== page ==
Monday, March 30, 2015

Cate Blanchett in Vogue on art and motherhood

As you would imagine, I pretty desperately wanted Cate Blanchett to be in the first edition of The Divided Heart. She was an obvious choice.

I bugged her twice about it -- and her agent very politely declined on her behalf each time.

As I was nearing the deadline to get the manuscript to my publisher, my partner took the kids on a camping trip with a group of friends to give me the space and time to get it finished.

On the way back home they stopped at a small town for a drink and who should be the only other family in the cafe but Cate Blanchett, Andrew Upton and their kids!

They got to talking. My partner told them he was looking forward to seeing what the pair did with the Sydney Theatre Company (they were about to start their joint directorship), and Blanchett found some sensitive way to inquire where "Mum was".

"Funnily enough," my partner told her, "she's at home trying to finish her book -- on art and motherhood. A book she really wanted you to be in, actually."

To which Blanchett said something along the lines of: "Oh, that old 'art and motherhood are incompatible' idea...".

"Well, no, clearly not just that," he said, "since you're managing to do both."

My partner is a very charming man, but sadly nothing he said helped change her mind. Obviously she's not a woman swayed by the power of coincidence!

A few weeks ago, the Good Weekend published a lovely piece by author Anna Funder about Jessica Anderson's novel Tirra Lirra by the River (one of my favourite books of all time!).

In commenting on the novel's main character, Funder said:
...wanting life and art both -- desires that in Brisbane in the early 20th century could not speak their name, and that are probably pretty difficult to reconcile without a lot of collateral damage, in any life. Indeed as I write this, in time bought from a babysitter, bargained from my husband and stolen from my children, the risk of collateral damage feels closer than I'd like.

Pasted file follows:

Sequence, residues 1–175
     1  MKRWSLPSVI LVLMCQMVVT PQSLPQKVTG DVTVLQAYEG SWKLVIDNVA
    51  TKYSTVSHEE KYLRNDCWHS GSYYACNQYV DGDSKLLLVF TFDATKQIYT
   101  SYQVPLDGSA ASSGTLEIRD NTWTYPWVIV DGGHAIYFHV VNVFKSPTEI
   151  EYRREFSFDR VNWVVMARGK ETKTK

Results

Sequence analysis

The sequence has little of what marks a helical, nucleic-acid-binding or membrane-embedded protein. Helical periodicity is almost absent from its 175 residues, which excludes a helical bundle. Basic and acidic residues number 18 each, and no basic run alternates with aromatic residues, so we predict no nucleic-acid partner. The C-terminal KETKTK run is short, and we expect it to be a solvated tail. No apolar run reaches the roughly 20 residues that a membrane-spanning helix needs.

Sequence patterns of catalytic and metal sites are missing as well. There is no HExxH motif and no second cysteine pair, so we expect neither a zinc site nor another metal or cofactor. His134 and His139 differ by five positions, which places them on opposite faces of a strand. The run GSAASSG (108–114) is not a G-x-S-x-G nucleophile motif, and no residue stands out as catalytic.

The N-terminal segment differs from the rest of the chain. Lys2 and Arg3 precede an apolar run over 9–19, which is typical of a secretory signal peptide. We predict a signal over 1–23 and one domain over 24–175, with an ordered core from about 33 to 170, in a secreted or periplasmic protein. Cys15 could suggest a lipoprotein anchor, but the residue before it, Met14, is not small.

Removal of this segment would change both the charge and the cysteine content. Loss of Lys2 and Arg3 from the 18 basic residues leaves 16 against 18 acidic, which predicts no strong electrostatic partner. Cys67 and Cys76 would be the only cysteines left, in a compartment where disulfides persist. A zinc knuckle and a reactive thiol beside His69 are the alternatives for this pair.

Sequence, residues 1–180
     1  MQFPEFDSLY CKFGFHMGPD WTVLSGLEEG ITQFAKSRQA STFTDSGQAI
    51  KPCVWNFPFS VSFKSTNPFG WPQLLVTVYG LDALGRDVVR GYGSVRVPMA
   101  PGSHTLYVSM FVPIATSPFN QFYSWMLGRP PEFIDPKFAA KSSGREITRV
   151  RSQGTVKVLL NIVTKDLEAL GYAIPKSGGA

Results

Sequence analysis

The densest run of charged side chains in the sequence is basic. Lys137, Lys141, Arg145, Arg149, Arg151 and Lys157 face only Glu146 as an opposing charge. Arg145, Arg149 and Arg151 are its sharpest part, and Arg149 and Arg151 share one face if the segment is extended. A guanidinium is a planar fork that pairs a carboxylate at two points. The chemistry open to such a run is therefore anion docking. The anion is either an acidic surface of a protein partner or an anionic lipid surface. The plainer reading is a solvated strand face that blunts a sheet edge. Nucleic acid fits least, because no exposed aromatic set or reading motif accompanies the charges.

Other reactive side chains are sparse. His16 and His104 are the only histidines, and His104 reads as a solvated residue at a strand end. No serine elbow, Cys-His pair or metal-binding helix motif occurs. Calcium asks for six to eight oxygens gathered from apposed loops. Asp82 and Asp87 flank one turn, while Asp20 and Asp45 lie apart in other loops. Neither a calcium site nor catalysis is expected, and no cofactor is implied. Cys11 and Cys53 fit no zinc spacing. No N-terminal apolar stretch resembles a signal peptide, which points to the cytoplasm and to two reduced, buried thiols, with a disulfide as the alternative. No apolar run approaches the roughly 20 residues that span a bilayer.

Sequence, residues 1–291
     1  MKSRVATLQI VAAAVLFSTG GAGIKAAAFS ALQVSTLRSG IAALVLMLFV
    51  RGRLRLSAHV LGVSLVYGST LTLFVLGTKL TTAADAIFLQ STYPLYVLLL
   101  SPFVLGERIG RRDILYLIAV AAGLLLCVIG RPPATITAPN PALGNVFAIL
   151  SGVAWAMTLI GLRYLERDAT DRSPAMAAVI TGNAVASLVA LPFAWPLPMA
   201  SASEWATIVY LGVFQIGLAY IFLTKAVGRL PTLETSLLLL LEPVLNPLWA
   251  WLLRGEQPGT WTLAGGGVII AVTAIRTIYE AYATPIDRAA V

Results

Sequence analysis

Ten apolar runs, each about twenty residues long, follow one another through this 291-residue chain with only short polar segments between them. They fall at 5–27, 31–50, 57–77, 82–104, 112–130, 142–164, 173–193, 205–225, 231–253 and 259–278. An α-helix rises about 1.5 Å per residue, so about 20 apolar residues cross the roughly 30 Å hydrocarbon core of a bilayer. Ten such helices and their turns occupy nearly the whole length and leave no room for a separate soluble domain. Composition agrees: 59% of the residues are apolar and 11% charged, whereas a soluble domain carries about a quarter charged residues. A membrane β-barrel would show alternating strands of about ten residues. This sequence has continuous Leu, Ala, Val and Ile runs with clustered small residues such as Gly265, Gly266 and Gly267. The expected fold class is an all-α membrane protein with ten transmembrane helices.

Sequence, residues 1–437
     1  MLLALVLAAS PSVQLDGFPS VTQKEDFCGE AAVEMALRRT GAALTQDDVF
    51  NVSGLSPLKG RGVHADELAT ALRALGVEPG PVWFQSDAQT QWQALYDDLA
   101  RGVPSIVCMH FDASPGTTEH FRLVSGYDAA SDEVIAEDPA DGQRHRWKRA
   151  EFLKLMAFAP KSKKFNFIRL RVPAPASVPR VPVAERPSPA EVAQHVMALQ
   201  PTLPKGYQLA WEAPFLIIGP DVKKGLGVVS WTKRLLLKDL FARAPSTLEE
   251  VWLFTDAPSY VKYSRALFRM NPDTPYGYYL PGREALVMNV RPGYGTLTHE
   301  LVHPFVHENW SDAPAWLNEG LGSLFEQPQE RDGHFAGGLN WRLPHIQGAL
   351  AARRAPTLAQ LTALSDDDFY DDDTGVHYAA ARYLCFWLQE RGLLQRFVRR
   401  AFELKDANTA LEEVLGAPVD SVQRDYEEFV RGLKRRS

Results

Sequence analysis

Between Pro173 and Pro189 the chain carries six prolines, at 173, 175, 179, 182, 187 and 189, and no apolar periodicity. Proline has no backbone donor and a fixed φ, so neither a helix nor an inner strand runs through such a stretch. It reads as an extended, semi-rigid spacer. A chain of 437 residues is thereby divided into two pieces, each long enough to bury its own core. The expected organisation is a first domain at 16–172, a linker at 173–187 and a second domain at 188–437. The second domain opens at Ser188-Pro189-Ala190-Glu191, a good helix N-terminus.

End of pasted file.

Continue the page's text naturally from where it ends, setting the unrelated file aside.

Even Anna Funder -- an assured writer, and a critical and commercial success -- still confronts the feeling that time for writing is bought, borrowed and stolen from her family, at some risk.

It is Funder that Cate Blanchett has chosen to speak to on the subject of art and motherhood in the latest issue of Vogue -- you'll have to buy the mag for the real thing, but here's's little write-up about it. No doubt Blanchett is (understandably) offering Vogue the definitive exclusive as some way of deflecting the onslaught of interest in her new baby girl.

And so I'm still a little bit sad that Blanchett didn't want to be in my book, but all power to the wonderful Anna Funder -- who'll no doubt conduct a fabulous interview, which I look forward to reading!

Oh - and there's an excerpt from my introduction of Creativity & Motherhood: The Divided Heart in ArtsHub today -- if you'd like to, you can read it here.


kim aikman said...

Oh no, such a shame! I saw Anna Funder (alongside Kate Grenville) at the Perth Writers Festival a few year ago, and she was very candid and insightful about motherhood and writing. Is Danielle Caruana in your book? She has some really interesting things to say about creativity and being a mum.

Rachel Power said...

Oh, it actually breaks my heart a bit to see you mention those two names. If there were two more people I would have loved to include it would've been them - we're on the same wavelength! It's so difficult doing a book like this and having to leave out so many incredible women with so much to offer. I agree - both Danielle and Anna have spoken about motherhood in ways I totally relate to. Such a shame indeed...

kim aikman said...

Oh no! That comment was pretty tactless of me. Apologies. It must be so frustrating! But I guess it's good that there are so many incredible creative women, who have interesting things to say about art and motherhood, even if they aren't contributors to your book. The third edition maybe...

Rachel Power said...

I didn't think you were tactless at all! I regularly think of people who would've contributed something wonderful to the book with great regret. But that's life, isn't it? Always tempting to try and extend it or do another edition...